We humans like to throw around a lot of terms with the number 7…lucky 7, 7 deadly sins, 7 wonders of the world, the 7 hills of Rome & Istanbul, 7 wise masters, etc. But have you heard of the 7 Noble Grapes?
If you’re a wine enthusiast, but novice like myself, you might have heard someone reference the 7 Noble Grapes while you were out touring a vineyard. I know I have and just nodded my head in agreement not wanting to interrupt with a dumb question.
Well, I love dumb questions, and I am not ashamed of being a novice. So, I was happy to learn about the 7 Noble Grapes in my WSET Foundations Course. The 7 Noble Grapes are 7 international varietals of grapes that are used to make wine that are able to grow almost anywhere and tend to have consistent, true flavors.
There are 3 white grape varietals and 4 red grape varietals that have such acclaim: Chardonnay, Sauvignon Blanc, Riesling, Cabernet Sauvignon, Merlot, Pinot Noir, Syrah (France)/Shiraz (elsewhere). Let me share the basics of what I learned about each one.
THE 3 NOBLE WHITE GRAPES
Chardonnay – the best-known grape in the world! Vintners love this grape varietal because they can put their own signature style on it. The wines from this grape tend to be full-bodied with a rich, creamy texture. Many have spent time in oak barrels, giving them flavors of vanilla & spice. Cool region chardonnays tend to have aromas of green fruits (apple, pear), citrus notes (grapefruit, lemon) and are high in acidity. Examples: cold region Chablis, warm region California Chardonnay.
Sauvignon Blanc – these wines are intensely fruity and range from light to medium bodied with a refreshing high acidity. They are almost always dry and have strong aromas of green fruit (apple, pear), citrus (grapefruit, lime), herbaceous notes (cut grass, green bell pepper, asparagus). Examples: New Zealand Sauvignon Blanc, Sancerre.
Riesling – this grape produces wine that varies drastically. It can range from dry to sweet, light to medium bodies. It is intensely fruity in aroma and flavors range from stone fruits (peach, apricot) to citrus (lime) and floral notes. This is the classic grape of Germany, but can be found in other regions. Examples: Alsatian & Australian Riesling.
THE 4 NOBLE RED/BLACK GRAPES
Cabernet Sauvignon – a true crowd pleaser. Deeply colored, high in tannin, high in acidity, dry, ranges between medium to full-bodied. Typical flavors of black fruit (black currant, black cherry) & herbaceous notes (green bell pepper, mint). Oak is frequently used to soften the tannins and add flavors of spice & vanilla. Often blended, classic examples of Cabernet blends: Bordeaux (Cabernet Sauvignon + Merlot), California & Australia (Cabernet Sauvignon + Shiraz).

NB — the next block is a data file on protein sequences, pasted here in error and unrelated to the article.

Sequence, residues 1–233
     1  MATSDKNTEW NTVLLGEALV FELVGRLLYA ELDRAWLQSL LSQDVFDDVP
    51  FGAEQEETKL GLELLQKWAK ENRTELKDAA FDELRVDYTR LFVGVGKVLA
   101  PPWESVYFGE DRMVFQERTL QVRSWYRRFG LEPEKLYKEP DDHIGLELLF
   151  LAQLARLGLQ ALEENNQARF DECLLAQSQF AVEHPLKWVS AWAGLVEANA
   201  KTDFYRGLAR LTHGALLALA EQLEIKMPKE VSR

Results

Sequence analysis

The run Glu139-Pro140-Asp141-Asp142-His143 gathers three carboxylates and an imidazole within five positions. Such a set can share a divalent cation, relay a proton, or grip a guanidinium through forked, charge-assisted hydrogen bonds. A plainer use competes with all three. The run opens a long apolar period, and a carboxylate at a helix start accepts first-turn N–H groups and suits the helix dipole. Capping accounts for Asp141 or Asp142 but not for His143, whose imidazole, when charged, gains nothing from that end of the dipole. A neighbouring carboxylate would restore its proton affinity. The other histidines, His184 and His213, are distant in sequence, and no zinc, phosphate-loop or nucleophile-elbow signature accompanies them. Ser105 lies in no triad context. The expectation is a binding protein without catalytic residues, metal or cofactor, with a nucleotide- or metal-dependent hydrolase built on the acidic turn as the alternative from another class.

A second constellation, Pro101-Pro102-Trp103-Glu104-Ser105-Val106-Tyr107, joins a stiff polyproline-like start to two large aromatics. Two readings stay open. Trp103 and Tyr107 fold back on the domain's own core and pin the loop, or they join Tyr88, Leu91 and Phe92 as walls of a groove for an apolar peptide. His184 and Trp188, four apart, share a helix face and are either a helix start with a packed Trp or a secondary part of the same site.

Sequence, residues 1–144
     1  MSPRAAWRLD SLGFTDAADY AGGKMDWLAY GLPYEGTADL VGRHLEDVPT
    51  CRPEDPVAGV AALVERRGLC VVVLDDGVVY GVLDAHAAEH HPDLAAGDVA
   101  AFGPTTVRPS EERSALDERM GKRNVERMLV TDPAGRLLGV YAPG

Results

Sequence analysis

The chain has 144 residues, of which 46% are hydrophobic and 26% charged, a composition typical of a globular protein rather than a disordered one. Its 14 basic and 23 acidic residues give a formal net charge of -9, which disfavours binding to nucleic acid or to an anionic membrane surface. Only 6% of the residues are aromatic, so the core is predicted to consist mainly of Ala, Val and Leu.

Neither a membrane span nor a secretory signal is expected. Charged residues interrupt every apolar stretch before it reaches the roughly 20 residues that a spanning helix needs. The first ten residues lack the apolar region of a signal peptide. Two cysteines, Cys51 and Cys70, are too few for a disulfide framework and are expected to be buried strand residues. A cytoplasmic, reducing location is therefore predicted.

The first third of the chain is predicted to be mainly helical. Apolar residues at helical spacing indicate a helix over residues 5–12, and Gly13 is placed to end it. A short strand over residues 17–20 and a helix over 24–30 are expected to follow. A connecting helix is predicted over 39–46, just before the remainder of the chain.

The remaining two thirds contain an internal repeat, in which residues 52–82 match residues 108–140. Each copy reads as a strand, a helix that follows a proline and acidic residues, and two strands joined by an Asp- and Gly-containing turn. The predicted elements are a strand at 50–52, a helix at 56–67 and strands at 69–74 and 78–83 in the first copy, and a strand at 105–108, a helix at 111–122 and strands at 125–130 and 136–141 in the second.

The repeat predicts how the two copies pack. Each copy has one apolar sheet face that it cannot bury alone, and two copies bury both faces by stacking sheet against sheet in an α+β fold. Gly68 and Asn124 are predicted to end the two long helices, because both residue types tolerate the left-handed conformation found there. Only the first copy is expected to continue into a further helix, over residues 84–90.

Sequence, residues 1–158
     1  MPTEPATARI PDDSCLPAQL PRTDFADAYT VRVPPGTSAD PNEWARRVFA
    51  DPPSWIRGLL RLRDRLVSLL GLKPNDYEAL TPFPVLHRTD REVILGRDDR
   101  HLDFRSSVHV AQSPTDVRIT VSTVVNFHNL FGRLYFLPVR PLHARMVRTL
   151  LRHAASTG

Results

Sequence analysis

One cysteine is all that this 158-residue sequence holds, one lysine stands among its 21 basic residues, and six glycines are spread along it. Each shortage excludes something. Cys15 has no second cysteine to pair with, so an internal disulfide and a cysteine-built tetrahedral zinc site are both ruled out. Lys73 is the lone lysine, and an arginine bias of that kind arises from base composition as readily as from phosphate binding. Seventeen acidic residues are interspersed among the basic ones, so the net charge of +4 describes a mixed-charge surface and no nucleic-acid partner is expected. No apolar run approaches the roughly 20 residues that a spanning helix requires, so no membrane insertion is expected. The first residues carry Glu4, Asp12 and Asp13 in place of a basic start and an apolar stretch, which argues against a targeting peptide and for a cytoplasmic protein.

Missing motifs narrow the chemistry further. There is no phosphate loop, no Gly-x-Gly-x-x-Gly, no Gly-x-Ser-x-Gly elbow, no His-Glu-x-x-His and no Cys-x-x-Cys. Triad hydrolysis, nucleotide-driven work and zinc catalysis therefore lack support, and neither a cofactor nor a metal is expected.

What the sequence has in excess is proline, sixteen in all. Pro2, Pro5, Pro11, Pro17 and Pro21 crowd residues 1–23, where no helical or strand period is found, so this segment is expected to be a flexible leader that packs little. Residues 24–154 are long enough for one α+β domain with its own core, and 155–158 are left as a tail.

Merlot – I like to think of this as a feminine red varietal that is a softer and milder alternative to Cabernet Sauvignon. They are typically full-bodied, low to medium tannins. They are intensely fruity in flavor and aromas can range from those of red fruits (plum especially, strawberry) to those of black fruits (blackberry, black cherry). They can gain richness from maturing in oak, which gives aspects of vanilla and spice. An example of a merlot based Bordeaux that is a true Coup de Coeur: St. Émilion.
Pinot Noir – An elegant grape that is lighter in color and body than the other three noble red grapes. Low to medium tannins and high acidity. The wines are marked by flavors of red fruit (strawberry, raspberry). Examples: Burgundy, France (Old World), Willamette Valley, Washington State (New World).
Syrah / Shiraz – called Syrah in France and Shiraz elsewhere, this grape packs a power punch of flavor and intensity. The wines made from Syrah/Shiraz tend to be rich & peppery, deeply colored, full-bodied with medium to high tannins. Aromas include black fruits (black cherry), spice (black pepper, clove), and herbaceous notes of mint. Examples: wines from the Northern Rhône (Côte Rôtie, Hermitage), wines from Shiraz from Australia.
Do you have a love for one of these varietals? Had you ever heard of the 7 Noble Grapes? Tell me.
Link to the Mommelier Wine Jargon Toolkit
 Some experts claim there are actually 18 noble grapes and other claim there should only be 5 noble grapes that are all red. We learned about the 7, and that’s what I’ve heard before.
Photo: “Crown Royal Black Silhouette” License: CC0 Public Domain